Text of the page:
Hector, our point-of-view character and time traveler has found himself embroiled in the conflict between the followers of two gods, and is pressed upon to kill Malintzin before she can be sacrificed, for reasons that are somewhere between complicated and unclear.  There's a lot going on in this comic, and the pacing can feel a little off at times (especially at the end of the issue), but I really like what Humphries is doing with this.

There's an easy parallel between this comic and what Brian Wood is doing with Northlanders at the moment - both tell of societies at the cusp of great change (and that's before Cortes shows up; things are going to get a lot worse for the Aztec), and both tell their stories using plain speech.

Rose's art is great, and everything about this self-directed effort is professional and very interesting.  Given the inherent rarity of this comic, I feel lucky that I've been able to secure a copy, and that it looks like I'll be able to read it through to its completion.

Richard Stark's Parker Book Two: The Outfit

Written by Donald Westlake
Adapted by Darwyn Cooke

When I started reading The Outfit, the second of Darwyn Cooke's adaptations of Richard Stark's (really Donald Westlake's) crime novels, I couldn't for the life of me remember what happened in the first one, The Hunter.  I remember enjoying Cooke's work, but storywise, nothing stayed with me.

Reading this volume, I can see why.  Westlake's stories are pretty effervescent.  This one is about Parker wanting to take on The Outfit - a mob-like group of career criminals who run large swaths of gambling and prostitution houses.  The man running The Outfit has beef with Parker, who has had surgery to change his appearance, and Parker is looking for payback.  Or something like that.

Truthfully, I'm reading this book for Cooke's wonderful artwork; the story is secondary.  Cooke loves that late 50s/early 60s period, as we learned with The New Frontier, his love letter to the early days of DC comics.  The sense of design and iconography used in this book is terrific, and Cooke has a good sense of the correct pace to use in adapting Westlake's writing.

The best parts of this book have Parker or his friends planning and carrying out various heists and robberies of Outfit businesses.  Cooke uses a variety of styles for these pages, drawing some of them like newspaper comc strips, and presenting one in an 'illustrated novel' format.  The look of this book is where the fun is; the rest is pretty inconsequential.

Severed #6

Written by Scott Snyder and Scott Tuft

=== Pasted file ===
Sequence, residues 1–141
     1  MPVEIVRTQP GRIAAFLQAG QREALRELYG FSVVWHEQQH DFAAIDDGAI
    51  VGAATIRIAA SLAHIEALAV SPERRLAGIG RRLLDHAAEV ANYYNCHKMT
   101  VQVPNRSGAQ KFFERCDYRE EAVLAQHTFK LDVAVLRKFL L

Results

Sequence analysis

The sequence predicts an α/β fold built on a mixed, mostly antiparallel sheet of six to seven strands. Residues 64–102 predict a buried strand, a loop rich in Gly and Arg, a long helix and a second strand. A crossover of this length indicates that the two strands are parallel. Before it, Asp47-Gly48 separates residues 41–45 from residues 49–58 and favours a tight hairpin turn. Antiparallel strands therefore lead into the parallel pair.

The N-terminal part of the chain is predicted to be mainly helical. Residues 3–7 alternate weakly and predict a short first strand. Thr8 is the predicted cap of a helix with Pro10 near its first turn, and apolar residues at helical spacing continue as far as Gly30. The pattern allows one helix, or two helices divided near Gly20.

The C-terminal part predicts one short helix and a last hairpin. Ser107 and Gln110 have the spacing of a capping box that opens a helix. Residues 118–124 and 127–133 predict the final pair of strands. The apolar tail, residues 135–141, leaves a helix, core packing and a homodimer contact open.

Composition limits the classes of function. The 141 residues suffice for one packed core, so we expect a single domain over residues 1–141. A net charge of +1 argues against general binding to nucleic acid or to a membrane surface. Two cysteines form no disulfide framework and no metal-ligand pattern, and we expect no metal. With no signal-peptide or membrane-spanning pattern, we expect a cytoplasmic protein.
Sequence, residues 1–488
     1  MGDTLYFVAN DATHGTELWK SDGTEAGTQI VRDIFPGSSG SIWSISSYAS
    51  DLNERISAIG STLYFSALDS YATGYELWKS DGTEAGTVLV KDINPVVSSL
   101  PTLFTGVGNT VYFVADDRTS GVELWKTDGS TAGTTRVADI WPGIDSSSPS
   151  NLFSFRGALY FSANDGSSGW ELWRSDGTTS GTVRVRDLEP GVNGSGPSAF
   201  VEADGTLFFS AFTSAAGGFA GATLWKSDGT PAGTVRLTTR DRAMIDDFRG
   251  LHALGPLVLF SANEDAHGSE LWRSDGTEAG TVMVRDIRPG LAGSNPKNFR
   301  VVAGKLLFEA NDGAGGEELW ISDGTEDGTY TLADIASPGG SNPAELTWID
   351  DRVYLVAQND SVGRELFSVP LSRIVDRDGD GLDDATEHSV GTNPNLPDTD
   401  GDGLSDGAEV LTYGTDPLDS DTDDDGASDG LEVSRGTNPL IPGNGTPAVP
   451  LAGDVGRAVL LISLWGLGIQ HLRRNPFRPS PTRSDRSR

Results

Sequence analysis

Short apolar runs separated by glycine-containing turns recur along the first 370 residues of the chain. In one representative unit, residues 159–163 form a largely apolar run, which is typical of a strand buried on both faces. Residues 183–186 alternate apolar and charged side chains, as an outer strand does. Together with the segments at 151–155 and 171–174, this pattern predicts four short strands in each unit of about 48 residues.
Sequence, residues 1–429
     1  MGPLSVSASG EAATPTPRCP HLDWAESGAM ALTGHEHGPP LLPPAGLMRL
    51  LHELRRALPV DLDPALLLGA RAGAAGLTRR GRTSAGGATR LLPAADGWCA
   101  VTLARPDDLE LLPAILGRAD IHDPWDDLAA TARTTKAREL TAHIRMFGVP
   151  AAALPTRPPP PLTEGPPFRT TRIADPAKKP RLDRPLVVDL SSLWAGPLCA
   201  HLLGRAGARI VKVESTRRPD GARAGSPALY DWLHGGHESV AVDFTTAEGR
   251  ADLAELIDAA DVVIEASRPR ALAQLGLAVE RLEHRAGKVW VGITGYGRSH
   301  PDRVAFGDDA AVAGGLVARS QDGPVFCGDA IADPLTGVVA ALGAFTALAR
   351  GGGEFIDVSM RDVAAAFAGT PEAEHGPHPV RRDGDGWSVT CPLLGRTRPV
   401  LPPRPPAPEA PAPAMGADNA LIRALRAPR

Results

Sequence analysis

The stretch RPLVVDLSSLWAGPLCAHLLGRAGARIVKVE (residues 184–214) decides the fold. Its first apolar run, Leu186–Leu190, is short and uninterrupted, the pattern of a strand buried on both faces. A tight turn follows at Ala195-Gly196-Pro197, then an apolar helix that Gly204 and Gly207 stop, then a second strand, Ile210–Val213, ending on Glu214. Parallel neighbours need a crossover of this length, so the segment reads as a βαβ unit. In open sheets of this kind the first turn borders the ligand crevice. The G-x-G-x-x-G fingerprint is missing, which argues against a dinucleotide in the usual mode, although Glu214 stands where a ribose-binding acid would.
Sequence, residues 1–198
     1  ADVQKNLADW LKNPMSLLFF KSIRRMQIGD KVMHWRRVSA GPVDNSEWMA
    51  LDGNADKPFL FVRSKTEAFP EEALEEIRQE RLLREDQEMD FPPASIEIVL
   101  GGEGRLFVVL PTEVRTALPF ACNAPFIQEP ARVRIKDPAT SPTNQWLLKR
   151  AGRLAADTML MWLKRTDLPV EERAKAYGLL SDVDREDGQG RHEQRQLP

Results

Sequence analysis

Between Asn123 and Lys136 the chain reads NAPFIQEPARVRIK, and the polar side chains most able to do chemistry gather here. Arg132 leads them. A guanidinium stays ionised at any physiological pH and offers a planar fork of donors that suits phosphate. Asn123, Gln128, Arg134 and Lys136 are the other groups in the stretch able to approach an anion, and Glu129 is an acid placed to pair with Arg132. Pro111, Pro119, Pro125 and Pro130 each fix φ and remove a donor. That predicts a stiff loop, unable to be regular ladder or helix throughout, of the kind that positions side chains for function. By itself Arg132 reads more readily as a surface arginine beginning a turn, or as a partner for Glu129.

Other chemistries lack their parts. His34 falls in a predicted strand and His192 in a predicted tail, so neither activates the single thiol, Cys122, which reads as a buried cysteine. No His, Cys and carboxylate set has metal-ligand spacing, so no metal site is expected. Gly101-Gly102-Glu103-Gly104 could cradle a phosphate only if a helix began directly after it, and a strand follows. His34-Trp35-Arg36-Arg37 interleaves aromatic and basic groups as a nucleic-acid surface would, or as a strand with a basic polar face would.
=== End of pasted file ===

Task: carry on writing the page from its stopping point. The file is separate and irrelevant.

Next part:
Art by Attila Futaki

I've been a supporter of this series from the beginning, despite the fact that it can, at times, strain credibility to the breaking point.  I've thought that writers Scott Snyder and Scott Tuft had a little more leeway in their depiction of a couple of kids in Depression-era America as being a little naive because, let's face it, they wouldn't have been raised on a steady diet of slasher films and/or overprotective parenting. 

This issue, which ends with a pretty big reveal, however, hinges on either a series of coincidences or a level of planning that would be almost impossible to have work in the way that it has.  And this has tainted my enjoyment of the book.

I love Image Comics because it gives creators a great deal of freedom to innovate, but sometimes the lack of a strong editor can be a bit of a problem.  Were this a Vertigo-edited book, the wrinkles would have been ironed out, making the comic much stronger.  Because the truth is, Snyder and Tuft have a good story to tell, and Futaki is an interesting artist.

Here's hoping that the ending can redeem things next month.

The Unwritten #33

Written by Mike Carey
Art by Peter Gross and MK Perker

I really can not complain about this comic these days.  As Tom Taylor moves closer to finishing his conflict with The Cabal, the stakes get progressively higher, and the story steadily becomes more exciting.

In this issue, the newly-reinvigorated Tom (thanks to some digital-era Tinkerbell hand clapping) sets off to confront The Cabal before his powers wane.  This involves resurrecting a long-dead architect, and wading into his enemies' base without a plan, appropriate back-up, or anything else.  It feels like whenever Tom has a lot of power, he also develops a fair amount of hubris.

Anyway, there are a few things that are not really working for me here - like the fact that no one would have bothered to look for the Frankenstein monster that got left in the middle of Antarctica before moving on with their plan, but the way in which The Cabal chooses to combat Tom's incursion is pretty interesting, and amusing.

Does anyone know if The Unwritten is expected to end soon?  It feels like this book is moving towards a big finish, but I haven't heard anything to that effect.

Pigs #5

Written by Nate Cosby and Ben McCool
Art by Breno Tamura

There is a lot about Pigs that I find interesting and which compels me to come back issue after issue, but at the same time, I really wish this series would hurry up and have a lot more happen in each issue.

Pigs is about a KGB sleeper cell that was planted in Cuba back in the 60s, and which now comprises the children of the original cell members.  They've finally been activated, and are carrying out some missions on American soil.  First, they were sent to get some information from a Senator.  Now, they are tasked with killing someone who is being held in San Quentin Correctional Facility, which, as you can imagine, is not an easy task.